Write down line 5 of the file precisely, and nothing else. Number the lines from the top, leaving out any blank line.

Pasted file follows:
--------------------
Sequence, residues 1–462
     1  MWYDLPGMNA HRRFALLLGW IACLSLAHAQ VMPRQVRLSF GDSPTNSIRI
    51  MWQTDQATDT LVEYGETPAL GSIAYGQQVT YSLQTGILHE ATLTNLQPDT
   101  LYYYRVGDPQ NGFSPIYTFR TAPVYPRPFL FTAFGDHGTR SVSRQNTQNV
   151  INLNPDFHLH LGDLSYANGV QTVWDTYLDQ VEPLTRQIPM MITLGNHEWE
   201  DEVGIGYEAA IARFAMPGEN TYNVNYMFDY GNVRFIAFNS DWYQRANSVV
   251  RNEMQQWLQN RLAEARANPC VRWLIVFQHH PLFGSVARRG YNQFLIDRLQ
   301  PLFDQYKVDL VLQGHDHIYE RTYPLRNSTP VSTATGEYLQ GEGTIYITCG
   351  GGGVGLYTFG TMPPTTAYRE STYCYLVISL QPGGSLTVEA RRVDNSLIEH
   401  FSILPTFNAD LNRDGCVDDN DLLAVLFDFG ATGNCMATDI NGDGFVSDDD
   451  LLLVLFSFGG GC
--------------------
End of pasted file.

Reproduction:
   151  INLNPDFHLH LGDLSYANGV QTVWDTYLDQ VEPLTRQIPM MITLGNHEWE